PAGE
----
Miguel de Cervantes probably never envisioned that Don Quixote would some day embody the sentiment of a famous Broadway song, "The Impossible Dream." He also likely never considered that his seventeenth-century masterpiece would be reconceived as a musical, Man of La Mancha, and play in regional and community theaters all over the United States, or that he would himself be cast as a character in such a musical. And yet, all that has happened.
Four County Players has selected Man of La Mancha as their first spring production, and the first weekend was a sell-out. Cindy Semer, who has worked on publicity for the show, says, "This is a powerful and uplifting musical that has left audiences with feelings of hope and perhaps a belief that all dreams can come true."
I suppose we could argue that this was not the exact message Cervantes intended when he created the rather pathetic Quixote, but, alas, why argue in the face of success? The book and the musical version of the story have greatly influenced Western culture.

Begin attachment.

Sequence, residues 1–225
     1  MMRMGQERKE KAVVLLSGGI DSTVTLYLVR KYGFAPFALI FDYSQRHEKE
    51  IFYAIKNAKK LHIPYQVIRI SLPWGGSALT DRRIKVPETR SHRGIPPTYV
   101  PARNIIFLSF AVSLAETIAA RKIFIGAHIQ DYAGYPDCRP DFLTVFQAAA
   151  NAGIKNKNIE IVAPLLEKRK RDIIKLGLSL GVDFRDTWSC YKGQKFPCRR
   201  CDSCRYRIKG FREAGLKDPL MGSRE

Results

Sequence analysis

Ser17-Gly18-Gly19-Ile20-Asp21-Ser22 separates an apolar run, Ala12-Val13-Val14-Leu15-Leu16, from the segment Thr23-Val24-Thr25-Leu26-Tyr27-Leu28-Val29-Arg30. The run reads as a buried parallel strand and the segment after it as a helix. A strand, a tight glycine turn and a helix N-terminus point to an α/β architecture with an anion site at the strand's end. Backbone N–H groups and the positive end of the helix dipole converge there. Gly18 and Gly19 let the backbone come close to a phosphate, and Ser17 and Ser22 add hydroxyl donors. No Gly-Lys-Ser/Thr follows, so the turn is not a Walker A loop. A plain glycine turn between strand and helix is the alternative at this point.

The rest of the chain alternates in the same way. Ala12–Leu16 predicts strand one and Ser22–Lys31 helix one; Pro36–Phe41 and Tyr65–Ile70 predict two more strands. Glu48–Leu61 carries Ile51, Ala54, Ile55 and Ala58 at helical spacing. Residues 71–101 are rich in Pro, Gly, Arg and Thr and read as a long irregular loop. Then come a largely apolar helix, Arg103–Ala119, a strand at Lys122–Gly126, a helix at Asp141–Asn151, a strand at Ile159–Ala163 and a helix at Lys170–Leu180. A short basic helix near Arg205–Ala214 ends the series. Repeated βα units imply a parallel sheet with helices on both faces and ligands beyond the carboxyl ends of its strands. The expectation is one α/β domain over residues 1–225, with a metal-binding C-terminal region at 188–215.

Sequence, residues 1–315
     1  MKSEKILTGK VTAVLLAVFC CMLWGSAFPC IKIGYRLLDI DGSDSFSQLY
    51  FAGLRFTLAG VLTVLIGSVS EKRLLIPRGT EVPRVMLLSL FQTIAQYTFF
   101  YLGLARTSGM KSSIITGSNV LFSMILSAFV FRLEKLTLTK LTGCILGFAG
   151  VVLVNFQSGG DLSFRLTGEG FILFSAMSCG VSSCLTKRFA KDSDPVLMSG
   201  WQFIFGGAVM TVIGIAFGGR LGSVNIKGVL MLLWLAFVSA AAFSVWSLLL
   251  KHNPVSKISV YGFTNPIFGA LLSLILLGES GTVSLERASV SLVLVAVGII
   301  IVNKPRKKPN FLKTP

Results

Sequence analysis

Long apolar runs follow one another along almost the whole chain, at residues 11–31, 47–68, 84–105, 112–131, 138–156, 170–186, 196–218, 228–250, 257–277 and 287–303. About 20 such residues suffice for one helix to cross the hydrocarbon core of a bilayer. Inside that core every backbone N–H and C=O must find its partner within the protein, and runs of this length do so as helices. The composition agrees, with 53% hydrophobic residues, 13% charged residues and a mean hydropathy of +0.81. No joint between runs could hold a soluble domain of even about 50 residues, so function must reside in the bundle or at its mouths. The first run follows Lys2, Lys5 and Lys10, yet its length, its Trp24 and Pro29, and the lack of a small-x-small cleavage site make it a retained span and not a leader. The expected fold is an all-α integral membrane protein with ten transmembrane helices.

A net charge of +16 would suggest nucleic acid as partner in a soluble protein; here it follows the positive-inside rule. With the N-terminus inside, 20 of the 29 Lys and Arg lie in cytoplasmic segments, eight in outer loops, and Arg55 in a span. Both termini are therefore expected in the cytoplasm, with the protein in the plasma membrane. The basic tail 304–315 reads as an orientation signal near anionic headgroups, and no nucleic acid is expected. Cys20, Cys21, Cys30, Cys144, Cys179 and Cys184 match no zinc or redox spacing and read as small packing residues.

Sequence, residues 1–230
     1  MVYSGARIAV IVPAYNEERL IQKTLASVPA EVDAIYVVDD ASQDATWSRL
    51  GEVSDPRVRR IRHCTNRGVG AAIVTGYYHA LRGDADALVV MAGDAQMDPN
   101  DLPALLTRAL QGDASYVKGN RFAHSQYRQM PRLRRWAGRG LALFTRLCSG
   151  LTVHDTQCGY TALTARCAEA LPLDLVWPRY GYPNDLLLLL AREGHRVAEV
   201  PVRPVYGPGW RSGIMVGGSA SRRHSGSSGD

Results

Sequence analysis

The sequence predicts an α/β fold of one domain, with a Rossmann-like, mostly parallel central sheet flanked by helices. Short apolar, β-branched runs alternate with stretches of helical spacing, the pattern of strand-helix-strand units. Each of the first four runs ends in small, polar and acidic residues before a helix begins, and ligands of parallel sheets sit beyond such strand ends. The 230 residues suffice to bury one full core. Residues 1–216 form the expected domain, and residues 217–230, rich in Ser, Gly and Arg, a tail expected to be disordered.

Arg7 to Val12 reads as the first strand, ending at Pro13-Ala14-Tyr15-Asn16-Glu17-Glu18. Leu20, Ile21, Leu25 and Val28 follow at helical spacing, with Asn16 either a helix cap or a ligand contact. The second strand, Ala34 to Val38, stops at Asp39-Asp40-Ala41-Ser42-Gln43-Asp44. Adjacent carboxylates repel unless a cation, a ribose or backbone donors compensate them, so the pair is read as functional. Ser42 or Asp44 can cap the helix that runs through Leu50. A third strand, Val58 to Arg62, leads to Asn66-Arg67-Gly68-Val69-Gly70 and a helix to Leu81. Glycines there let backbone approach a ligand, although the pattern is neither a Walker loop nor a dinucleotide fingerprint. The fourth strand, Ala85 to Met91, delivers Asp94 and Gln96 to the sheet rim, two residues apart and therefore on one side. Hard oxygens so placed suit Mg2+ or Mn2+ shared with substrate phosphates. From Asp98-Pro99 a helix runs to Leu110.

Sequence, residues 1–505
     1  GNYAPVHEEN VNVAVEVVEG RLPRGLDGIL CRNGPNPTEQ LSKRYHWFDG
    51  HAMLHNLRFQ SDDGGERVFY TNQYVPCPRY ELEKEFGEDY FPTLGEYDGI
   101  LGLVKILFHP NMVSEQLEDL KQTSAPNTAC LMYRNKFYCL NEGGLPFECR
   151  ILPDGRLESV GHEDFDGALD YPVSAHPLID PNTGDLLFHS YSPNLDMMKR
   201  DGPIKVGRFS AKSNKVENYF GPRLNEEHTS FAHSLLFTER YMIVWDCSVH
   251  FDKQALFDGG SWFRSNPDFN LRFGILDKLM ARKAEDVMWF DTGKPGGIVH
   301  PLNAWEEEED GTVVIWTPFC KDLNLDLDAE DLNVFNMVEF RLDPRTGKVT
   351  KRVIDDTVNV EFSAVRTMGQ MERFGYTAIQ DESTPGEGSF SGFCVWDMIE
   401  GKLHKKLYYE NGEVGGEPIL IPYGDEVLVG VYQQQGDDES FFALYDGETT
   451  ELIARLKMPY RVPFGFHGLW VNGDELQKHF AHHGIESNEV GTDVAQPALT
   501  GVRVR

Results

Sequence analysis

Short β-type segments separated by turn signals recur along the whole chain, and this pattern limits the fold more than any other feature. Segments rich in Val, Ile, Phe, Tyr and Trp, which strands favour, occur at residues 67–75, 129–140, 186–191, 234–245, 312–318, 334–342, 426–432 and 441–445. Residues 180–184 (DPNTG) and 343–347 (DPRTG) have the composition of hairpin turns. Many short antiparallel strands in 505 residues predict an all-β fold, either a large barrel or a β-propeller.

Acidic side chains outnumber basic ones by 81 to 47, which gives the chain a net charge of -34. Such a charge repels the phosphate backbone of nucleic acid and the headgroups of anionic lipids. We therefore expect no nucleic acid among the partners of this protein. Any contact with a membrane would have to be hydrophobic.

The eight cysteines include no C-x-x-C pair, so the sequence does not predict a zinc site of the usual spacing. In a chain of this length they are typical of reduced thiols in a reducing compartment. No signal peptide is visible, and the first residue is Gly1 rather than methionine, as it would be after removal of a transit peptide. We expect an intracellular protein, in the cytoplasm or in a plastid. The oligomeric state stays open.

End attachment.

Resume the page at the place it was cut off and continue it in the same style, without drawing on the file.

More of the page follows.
The play commences in a prison in Spain during the Inquisition. Cervantes' character, who is awaiting trial, begins to tell his fellow prisoners the story of Don Quixote, man of La Mancha. Quixote, a starry-eyed old man, imagines himself a knight and sets out to rid the world of scoundrels and evil-doers. The prisoners become the players in the story and act the parts of Quixote, his sidekick, Sancho Panza, and the folk they encounter in their adventurous quest.
Gail Yemington takes two roles in the production, as artistic director and musical director, and Alan Brown likewise performs dual duty, portraying both Cervantes and Don Quixote. Richard Kiley won a Tony for his portrayal on Broadway, and Peter O'Toole was cast in the movie version of the play, which also featured, notably, Sophia Loren as Dulcinea.
"This is a must-see musical with some of the best-loved songs of all time," Semer says. Call quickly, or you might find yourself tilting at windmills in your quest for tickets.
Man of La Mancha plays at Barboursville Community Center, 5256 Governor Barbour St, in Barboursville weekends through March 23. 8pm. $10-14. 540-832-5355.